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Key Implementing Partner:Learn more about the Relief Society of Tigray (REST), R4 partner responsible for implementing the HARITA project in Ethiopia.
Video: What is R4?This video showcases the R4 Rural Resilience Initiative's mission to empower and protect farmers with risk management strategies including risk reduction, risk transfer, risk reserves (credit and savings), and smart risk taking. Watch the Video
Stories From the Field:Oxfam has created a short series of articles interviewing participants in the HARITA project. Medhin Reda, Selas Samson Biru, and Gebru Kahsay are rural farmers whose stories you can read.
Resources:FARMD's resource library offers nearly 800 documents related to agricultural risk management, including specific publications on index insurance and climate change.
Photos: Eva-Lotta Jansson/Oxfam America
Oxfam & WFP's R4 Initiative Begins Expansion into Senegal, Fueled by Success in Ethiopia
The Horn of Africa Risk Transfer for Adaptation (HARITA) project began in 2009 with 200 households in one Ethiopian village, growing to reach 13,000 households in 43 Ethiopian villages by 2011.
HARITA offered insurance-for-work programs to poor farmer households using the country's own safety net system as an approach to managing the effects of climate change on agriculture.
HARITA's success has been followed-up with a public-private partnership between Oxfam and the World Food Programme, along with funding from their respective donors, to create the R4 Rural Resilience Initiative in 2011. As of March 2012, WFP is sponsored by the United States Agency for International Development (USAID) and Oxfam America is sponsored by Swiss Reinsurance Company and the Rockefeller Foundation. R4 will replicate the success of HARITA in Ethiopia and now in Senegal, as well as two more African countries during the project's five year period. Project work has just begun in Senegal, with pilot implementation to begin in 2013. Learn More
For the 1.3 billion people living on less than a dollar a day that depend on agriculture for their livelihoods, vulnerability to climate-related shocks is a constant threat to food security and well-being.
As climate change drives an increase in the frequency and intensity of natural hazards, the challenges faced by food-insecure communities struggling to improve their lives and livelihoods will also increase. The question of how to build rural resilience against climate-related risk is critical for addressing global poverty.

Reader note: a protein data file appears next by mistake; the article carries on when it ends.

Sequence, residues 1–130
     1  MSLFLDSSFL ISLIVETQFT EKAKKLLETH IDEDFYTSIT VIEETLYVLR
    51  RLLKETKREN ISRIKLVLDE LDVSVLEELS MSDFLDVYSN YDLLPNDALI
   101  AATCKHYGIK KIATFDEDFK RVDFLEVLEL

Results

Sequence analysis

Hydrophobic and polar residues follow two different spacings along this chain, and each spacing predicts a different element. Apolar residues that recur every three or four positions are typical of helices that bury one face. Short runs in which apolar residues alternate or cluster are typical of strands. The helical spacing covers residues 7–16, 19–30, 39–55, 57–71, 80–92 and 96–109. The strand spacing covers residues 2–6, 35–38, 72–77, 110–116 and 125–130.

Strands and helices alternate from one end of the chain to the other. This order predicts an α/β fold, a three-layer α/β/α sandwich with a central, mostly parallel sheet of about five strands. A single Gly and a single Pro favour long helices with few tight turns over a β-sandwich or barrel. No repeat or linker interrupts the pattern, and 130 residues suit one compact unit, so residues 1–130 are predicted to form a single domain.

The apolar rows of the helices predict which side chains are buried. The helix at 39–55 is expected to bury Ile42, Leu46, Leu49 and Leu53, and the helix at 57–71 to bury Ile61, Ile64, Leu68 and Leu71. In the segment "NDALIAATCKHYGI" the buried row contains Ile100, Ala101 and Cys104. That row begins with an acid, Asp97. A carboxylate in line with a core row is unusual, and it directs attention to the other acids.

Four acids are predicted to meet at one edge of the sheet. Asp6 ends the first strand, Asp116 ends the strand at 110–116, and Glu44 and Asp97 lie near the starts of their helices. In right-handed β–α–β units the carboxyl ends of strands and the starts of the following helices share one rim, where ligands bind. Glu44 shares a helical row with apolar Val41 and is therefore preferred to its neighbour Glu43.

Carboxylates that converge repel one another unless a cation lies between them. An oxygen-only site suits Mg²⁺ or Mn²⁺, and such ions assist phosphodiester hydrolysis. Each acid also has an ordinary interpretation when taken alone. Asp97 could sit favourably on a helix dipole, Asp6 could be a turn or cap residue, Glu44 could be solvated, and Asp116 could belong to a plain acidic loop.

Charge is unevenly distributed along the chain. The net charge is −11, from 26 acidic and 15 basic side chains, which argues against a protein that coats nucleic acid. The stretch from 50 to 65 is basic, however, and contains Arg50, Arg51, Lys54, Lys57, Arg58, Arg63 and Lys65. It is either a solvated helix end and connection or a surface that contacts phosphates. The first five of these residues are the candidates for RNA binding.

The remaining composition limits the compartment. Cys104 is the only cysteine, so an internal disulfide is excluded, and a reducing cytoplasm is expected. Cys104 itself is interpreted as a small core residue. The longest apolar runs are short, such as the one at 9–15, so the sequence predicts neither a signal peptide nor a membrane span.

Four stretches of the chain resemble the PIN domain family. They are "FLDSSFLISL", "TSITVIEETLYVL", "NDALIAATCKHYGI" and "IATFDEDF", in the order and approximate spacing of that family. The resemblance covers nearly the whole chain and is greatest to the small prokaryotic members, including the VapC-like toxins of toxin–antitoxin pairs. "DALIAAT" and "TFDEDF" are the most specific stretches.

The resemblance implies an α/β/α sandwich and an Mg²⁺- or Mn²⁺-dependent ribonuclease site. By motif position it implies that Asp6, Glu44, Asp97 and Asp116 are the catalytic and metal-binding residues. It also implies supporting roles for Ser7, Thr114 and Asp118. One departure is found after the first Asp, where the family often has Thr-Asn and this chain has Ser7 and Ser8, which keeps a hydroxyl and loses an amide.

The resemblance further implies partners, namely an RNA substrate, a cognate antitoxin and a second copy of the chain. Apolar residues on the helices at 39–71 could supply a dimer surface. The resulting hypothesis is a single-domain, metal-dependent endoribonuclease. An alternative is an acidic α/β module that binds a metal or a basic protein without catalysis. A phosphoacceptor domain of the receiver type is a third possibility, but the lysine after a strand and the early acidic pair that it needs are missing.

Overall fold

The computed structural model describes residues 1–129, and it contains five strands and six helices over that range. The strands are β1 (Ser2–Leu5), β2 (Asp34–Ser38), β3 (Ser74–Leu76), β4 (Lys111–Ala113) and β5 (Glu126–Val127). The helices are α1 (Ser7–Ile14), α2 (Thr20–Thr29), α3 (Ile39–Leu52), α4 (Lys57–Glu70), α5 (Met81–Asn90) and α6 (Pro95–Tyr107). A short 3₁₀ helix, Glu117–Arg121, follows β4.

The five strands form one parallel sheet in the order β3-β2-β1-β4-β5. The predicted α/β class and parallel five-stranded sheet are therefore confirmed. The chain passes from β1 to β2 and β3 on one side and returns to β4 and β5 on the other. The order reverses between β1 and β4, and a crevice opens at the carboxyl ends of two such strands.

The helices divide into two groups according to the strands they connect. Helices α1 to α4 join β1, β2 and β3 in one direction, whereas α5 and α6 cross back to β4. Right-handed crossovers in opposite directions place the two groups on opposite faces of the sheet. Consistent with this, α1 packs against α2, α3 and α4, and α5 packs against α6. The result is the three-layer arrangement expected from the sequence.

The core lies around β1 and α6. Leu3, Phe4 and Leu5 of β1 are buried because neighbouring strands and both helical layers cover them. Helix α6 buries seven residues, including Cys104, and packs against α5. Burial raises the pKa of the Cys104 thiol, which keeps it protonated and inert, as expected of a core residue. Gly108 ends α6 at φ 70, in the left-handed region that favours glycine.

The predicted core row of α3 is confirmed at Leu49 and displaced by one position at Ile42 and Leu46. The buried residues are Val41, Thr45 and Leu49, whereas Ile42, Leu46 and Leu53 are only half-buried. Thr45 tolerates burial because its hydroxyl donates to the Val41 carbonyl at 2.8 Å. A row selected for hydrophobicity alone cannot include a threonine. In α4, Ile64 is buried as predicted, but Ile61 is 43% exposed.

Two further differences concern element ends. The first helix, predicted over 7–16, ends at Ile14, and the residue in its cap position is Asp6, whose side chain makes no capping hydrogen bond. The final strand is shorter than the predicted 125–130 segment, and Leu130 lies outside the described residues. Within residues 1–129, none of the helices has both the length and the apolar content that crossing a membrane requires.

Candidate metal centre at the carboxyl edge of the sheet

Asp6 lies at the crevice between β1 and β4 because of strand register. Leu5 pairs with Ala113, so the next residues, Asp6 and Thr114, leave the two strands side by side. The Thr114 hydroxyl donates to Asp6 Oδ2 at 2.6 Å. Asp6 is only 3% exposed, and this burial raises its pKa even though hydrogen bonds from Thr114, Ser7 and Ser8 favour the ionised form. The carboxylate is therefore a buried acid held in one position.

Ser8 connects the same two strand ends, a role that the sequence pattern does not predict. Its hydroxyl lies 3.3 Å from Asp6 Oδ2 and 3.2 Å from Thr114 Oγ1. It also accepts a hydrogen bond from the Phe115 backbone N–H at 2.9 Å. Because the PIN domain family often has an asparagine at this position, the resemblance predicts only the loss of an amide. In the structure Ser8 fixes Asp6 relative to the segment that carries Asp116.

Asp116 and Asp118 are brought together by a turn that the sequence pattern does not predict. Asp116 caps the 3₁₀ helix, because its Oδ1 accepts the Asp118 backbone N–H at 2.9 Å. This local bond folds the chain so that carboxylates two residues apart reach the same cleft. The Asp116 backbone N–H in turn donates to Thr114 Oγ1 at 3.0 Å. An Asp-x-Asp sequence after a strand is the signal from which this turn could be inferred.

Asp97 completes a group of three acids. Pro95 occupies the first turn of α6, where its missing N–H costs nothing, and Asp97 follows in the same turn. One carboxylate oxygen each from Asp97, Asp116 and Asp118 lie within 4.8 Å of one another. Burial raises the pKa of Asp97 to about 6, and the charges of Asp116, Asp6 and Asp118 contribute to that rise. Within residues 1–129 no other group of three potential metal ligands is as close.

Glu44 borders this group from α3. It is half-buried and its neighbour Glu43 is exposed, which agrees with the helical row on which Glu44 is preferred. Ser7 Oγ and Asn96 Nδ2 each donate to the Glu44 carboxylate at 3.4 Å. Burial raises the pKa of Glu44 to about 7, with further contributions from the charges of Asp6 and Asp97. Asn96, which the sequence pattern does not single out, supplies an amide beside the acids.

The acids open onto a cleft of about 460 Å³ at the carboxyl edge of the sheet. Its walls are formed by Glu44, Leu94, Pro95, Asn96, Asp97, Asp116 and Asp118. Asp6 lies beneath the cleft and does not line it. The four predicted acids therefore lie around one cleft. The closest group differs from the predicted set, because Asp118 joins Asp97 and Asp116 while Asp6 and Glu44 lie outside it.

In response to this challenge, the United Nations World Food Programme and Oxfam America have launched the R4 Rural Resilience Initiative, known as R4, referring to the four risk management strategies integrated in the initiative.
R4 builds on the initial success of a holistic risk management framework developed by Oxfam America during the HARITA project from 2009-2011, which focused on enabling poor farmers to strengthen their food and income security through a combination of improved resource management (risk reduction), microcredit (prudent risk taking), insurance (risk transfer), and savings (risk reserves).
Learn more about how the R4 works
Latest Program Successes: From January to March 2012, the R4 Initiative completed the following activities and achievements in Ethiopia:
- A total of 12,845 farmers from 21 villages, including 2,870 women, participated in awareness and education programs on community risk management and insurance through video shows.
- 95 farmers in two villages participated in a customer satisfaction survey by IRI to assess satisfaction with the index insurance products offered in the 2011 agrcicultural season.
- Weather data from three automatic rain gauges was collected and a weather data report created by field agents.
- 180 development agents were trained on community risk management and insurance.
Status of Senegal: The Senegal component of the R4 Initiative is currently in the national planning and assessment phase. The completion of this process will culminate in the 2013 implementation of the pilot phase.